A leap second is a positive or negative one-second adjustment to the Coordinated Universal Time (UTC) time scale that keeps it close to mean solar time. UTC, which is used as the basis for official time-of-day radio broadcasts for civil time, is maintained using extremely precise atomic clocks. To keep the UTC time scale close to mean solar time, UTC is occasionally corrected by an intercalary adjustment, or "leap", of one second. Over long time periods, leap seconds must be added at an ever increasing rate (see ΔT). The timing of leap seconds is now determined by the International Earth Rotation and Reference Systems Service (IERS). Leap seconds were determined by the Bureau International de l'Heure (BIH) prior to January 1, 1988, when the IERS assumed that responsibility.
When a positive leap second is added at 23:59:60 UTC, it delays the start of the following UTC day (at 00:00:00 UTC) by one second, effectively slowing the UTC clock.
Reason for leap seconds
Leap seconds are necessary partly because the length of the mean solar day is very slowly increasing, and partly because the SI second, when adopted, was already a little shorter than the current value of the second of mean solar time. Time is now measured using stable atomic clocks (TAI or International Atomic Time), whereas the rotation of Earth is much more variable.
Originally, the second was defined as 1/86400 of a mean solar day (see solar time) as determined by the rotation of the Earth around its axis and around the Sun. By the middle of the 20th century, it was apparent that the rotation of the Earth did not provide a sufficiently uniform time standard, and in 1956 the second was redefined in terms of the annual orbital revolution of the Earth around the Sun. In 1967 the second was redefined, once again, in terms of a physical property: the oscillations of an atom of caesium-133, which were measurable by an atomic clock. But the solar day becomes 1.7 ms longer every century due mainly to tidal friction (2.3 ms/cy, reduced by 0.6 ms/cy due to glacial rebound).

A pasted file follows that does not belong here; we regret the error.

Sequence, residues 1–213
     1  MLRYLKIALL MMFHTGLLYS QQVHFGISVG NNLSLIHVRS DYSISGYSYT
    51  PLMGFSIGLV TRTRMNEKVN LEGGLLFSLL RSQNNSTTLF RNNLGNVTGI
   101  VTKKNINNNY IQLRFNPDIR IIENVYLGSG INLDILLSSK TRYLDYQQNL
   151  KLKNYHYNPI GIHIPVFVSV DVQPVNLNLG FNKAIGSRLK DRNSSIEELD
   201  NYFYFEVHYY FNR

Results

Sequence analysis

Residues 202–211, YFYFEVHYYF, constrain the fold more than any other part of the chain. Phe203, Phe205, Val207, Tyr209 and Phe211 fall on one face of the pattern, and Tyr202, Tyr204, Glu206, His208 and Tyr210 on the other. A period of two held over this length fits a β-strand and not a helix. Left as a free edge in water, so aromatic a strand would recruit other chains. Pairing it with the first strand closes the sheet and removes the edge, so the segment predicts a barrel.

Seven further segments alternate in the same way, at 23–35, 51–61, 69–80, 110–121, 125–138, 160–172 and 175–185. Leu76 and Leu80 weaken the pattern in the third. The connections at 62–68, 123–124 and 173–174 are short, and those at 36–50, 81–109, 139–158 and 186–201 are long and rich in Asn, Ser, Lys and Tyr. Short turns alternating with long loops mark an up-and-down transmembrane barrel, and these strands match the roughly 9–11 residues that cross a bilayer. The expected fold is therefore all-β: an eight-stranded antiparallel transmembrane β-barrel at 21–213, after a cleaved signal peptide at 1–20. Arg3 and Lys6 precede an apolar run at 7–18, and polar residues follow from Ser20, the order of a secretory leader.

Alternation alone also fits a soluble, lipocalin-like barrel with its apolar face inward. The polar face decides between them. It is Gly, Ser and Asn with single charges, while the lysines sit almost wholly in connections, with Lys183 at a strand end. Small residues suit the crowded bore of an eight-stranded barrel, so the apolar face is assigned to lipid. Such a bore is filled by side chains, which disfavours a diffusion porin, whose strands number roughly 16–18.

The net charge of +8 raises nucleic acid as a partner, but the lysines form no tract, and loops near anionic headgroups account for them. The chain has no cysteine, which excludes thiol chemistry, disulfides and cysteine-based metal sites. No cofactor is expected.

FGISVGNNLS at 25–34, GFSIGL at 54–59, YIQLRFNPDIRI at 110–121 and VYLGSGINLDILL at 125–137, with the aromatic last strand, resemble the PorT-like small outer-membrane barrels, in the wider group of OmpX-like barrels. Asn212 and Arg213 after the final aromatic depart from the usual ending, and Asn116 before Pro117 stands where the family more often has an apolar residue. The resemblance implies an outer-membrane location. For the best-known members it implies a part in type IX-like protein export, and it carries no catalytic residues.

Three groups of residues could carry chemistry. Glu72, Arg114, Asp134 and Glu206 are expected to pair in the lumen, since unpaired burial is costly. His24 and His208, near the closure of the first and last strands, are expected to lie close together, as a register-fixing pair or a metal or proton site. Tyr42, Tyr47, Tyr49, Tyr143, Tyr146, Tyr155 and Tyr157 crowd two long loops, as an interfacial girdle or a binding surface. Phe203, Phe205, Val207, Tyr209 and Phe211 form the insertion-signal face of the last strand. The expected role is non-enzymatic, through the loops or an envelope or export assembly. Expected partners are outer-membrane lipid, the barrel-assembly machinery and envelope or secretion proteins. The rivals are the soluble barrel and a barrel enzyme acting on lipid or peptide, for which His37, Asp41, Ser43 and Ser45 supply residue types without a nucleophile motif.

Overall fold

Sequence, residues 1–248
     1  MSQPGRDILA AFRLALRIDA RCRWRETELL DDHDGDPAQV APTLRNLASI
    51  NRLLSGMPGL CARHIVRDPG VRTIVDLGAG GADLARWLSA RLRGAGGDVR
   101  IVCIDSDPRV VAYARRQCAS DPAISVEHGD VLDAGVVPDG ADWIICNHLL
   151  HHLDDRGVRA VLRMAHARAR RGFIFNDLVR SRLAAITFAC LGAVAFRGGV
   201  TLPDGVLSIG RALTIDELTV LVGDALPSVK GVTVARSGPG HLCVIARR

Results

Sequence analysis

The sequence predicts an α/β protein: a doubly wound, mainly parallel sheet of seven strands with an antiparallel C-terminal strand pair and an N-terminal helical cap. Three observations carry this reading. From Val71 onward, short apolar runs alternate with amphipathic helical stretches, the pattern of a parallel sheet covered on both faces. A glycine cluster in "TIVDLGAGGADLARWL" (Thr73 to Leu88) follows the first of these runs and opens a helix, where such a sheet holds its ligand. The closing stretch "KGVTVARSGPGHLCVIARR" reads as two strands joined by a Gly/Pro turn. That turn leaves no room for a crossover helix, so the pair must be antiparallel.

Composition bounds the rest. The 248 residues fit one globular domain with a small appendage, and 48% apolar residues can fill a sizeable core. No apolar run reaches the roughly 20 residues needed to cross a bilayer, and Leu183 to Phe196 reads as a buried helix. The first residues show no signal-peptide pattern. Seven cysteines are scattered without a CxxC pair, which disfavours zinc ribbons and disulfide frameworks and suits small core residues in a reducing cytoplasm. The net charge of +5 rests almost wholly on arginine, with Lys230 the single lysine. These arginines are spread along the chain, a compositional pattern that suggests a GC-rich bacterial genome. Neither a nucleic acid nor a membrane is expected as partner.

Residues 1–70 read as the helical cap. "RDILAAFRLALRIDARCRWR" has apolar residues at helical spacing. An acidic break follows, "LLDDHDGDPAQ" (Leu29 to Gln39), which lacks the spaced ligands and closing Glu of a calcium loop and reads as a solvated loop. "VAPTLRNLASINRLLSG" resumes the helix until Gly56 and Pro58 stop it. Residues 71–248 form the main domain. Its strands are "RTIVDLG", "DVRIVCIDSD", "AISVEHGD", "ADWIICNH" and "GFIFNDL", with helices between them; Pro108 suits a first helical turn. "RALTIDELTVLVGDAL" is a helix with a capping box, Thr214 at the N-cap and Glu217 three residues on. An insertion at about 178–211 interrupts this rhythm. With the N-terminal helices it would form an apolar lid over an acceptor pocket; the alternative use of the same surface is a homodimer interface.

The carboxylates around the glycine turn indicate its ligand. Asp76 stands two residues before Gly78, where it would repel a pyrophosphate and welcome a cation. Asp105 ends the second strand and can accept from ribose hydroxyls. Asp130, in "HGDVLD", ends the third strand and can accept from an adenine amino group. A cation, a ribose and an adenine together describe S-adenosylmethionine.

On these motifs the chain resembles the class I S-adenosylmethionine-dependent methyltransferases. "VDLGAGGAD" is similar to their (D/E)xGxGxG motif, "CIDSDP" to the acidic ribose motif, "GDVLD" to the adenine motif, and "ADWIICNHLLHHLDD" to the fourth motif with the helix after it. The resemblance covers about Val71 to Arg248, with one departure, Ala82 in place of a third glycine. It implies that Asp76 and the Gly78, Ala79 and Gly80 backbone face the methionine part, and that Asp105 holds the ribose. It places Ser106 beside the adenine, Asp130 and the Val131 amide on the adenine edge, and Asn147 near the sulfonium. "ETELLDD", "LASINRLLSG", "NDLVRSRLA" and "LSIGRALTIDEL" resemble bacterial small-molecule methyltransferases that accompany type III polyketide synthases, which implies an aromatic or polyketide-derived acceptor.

The SI second counted by atomic time standards has been defined on the basis of a history going back to the former standard time scale of ephemeris time (ET). It can now be seen to be close to the average second of 1/86400 of a mean solar day between 1750 and 1892. The current SI second was defined in 1967, as 9,192,631,770 periods of the radiation corresponding to the transition between the two hyperfine levels of the ground state of the caesium-133 atom. This number first arose from calibration of the caesium standard by the second of ET: in 1958, the second of ET was determined as the duration of 9,192,631,770 ± 20 cycles of the chosen caesium transition, (while at about the same time, and with the same caesium standard, the then-current mean length of the second of mean solar time (UT2) had been measured at 9,192,631,830 cycles). Later verification showed that the SI second referred to atomic time was in agreement, within 1 part in 1010, with the second of ephemeris time as determined from lunar observations. Time as measured by Earth's rotation has accumulated a delay with respect to atomic time standards. From 1961 to 1971, the rate of (some) atomic clocks was (for purposes of UTC) constantly slowed to stay in sync with Earth's rotation. (Before 1961, broadcast time was synchronized to astronomically determined Greenwich Mean Time.) Since 1972, broadcast seconds have been exactly equal to the standard SI second chosen in 1967.
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